In charging a battery other than through the accessory power socket, only chargers especially designed for gel batteries may be used. This means that chargers previously approved by BMW Motorrad or “trickle” chargers are not suitable for charging or maintaining Gel Batteries.

There are commercially available battery chargers that are suitable for charging gel batteries. However, when using a charger acquired commercially it absolutely must be ensured that the gel battery has been removed from the motorcycle or that the battery has been isolated from the vehicles electrical system. The battery must be isolated because gel battery chargers perform a so-called desulfation cycle, in which the charge voltage increases to over 15.5V for a limited time. If the battery is connected to the electrical system during charging this spike could lead to failure of the control units and other electrical/electronic components.

Gel batteries can be exposed to a charge voltage of 14.4V for only a limited period of time. Continuous charging with 14.4V or higher will damage the battery. When charging at 14.4V excessive quantities of Hydrogen and Oxygen gas are produced that cannot be recycled into water and will cause the internal pressure of the battery to increase drastically. When a certain internal pressure is reached, the pressure relief valve opens allowing the gasses to escape. The opening of the relief valve will render the battery useless.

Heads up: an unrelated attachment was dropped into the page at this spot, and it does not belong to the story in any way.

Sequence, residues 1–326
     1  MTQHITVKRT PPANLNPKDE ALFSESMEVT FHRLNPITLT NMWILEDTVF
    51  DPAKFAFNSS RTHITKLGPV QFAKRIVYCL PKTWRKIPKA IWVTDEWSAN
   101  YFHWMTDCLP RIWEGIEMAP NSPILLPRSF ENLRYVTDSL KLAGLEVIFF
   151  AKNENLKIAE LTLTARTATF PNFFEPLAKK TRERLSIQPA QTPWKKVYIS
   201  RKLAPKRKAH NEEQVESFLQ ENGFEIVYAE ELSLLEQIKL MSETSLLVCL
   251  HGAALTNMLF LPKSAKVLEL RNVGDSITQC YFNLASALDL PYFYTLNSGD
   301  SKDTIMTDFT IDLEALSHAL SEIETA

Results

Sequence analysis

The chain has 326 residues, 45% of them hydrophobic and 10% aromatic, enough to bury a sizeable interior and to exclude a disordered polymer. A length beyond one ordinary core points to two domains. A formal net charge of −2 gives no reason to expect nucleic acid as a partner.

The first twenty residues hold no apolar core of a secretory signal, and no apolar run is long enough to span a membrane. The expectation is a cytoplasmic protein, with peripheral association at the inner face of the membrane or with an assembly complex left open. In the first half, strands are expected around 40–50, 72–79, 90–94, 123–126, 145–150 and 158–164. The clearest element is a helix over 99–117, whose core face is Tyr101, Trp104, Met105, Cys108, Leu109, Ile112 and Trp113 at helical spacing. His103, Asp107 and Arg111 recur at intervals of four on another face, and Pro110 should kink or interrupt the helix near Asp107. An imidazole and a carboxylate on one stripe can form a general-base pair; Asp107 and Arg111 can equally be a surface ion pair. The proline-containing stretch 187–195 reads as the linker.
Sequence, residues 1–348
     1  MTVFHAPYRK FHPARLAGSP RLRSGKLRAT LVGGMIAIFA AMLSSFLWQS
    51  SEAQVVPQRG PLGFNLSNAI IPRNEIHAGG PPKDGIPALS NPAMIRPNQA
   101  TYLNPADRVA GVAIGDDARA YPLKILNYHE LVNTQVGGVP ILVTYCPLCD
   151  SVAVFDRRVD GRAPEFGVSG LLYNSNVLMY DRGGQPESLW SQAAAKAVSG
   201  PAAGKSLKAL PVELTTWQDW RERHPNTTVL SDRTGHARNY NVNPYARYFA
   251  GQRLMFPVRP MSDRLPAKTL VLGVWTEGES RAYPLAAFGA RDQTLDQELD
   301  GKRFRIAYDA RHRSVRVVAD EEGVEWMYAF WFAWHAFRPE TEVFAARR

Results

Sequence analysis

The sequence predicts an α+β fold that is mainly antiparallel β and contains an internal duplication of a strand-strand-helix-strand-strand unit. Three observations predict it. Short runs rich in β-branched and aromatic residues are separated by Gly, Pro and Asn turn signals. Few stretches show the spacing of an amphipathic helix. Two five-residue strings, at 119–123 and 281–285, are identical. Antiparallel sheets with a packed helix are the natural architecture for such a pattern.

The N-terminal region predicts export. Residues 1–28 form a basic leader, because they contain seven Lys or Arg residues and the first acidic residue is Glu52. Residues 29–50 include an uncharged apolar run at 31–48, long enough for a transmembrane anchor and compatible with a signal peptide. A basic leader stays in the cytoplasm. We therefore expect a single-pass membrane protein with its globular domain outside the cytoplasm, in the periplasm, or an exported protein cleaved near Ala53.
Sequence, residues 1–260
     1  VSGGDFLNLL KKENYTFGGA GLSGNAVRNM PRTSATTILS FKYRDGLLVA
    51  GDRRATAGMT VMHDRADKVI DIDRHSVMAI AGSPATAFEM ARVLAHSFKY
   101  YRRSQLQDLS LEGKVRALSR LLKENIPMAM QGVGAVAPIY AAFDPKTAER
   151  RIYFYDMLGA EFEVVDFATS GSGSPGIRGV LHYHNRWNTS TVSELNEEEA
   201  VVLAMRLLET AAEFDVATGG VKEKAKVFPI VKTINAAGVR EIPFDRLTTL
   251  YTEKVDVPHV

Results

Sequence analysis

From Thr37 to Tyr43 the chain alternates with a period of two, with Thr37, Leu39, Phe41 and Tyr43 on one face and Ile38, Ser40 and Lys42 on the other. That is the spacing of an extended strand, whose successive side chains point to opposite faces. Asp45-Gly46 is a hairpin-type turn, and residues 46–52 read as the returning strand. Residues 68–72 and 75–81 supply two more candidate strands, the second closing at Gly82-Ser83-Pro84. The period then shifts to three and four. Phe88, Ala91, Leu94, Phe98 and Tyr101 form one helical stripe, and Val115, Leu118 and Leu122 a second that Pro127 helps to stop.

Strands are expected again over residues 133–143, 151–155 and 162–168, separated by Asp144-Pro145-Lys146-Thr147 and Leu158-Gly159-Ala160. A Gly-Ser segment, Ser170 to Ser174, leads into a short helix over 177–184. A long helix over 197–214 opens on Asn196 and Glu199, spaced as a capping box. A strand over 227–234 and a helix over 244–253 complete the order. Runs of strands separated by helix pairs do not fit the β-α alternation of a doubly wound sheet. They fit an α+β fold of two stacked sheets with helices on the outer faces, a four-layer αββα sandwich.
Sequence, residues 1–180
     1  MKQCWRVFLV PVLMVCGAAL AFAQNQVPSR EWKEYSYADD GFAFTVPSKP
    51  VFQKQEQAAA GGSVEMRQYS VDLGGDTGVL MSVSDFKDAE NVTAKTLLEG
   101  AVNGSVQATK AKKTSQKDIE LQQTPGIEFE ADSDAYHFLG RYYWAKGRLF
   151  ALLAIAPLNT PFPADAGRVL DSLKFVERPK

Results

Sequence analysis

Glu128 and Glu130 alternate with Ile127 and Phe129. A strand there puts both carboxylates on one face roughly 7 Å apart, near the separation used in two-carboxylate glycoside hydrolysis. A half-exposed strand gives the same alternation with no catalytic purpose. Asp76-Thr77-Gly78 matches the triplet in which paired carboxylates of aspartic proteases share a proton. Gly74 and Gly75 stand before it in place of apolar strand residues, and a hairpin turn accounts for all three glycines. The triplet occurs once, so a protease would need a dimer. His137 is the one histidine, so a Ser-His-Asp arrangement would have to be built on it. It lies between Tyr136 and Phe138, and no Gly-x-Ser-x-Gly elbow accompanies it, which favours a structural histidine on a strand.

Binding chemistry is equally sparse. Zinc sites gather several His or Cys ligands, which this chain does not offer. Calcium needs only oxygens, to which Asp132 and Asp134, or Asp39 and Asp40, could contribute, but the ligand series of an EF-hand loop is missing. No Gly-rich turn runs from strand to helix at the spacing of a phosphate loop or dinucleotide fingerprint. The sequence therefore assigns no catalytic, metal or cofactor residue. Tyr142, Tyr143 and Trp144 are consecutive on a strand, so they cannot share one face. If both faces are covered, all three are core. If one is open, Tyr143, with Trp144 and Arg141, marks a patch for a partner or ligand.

In contrast to “wet” batteries from BMW, Gel batteries have a “Use-by” date. This date indicates the end of the batteries unused shelf life at room temperature. The “Use-by” date is on the rear of the battery housing. Please pay attention to your inventory of Gel Batteries as Warranty cannot be claimed for new Gel Batteries which are past their use-by date.

In the event of an anticipated interruption in use, longer than one month, the Gel Battery must be charged with a suitable charger. This ensures the Gel Battery goes into the period of disuse fully charged and is not left in an undefined charge status.

When using a Gel Battery in the motorcycle, maintenance of the battery during longer interruptions in use or while the bike is in storage must not be neglected. Please bring this to the customer’s attention.

It is important to remember that only the BMW Charger, part number 72 60 7 679 040, is approved for use when charging the battery through the vehicles power accessory outlet.

The new BMW battery charger for gel-cell batteries (above, left) came on the market in May 2003. It is BMW part number 72 60 7 679 040. Retail price is a hefty $115. The later Deltran charger (above, right), “Programmed for BMW Gel Batteries,”  lists for about $80.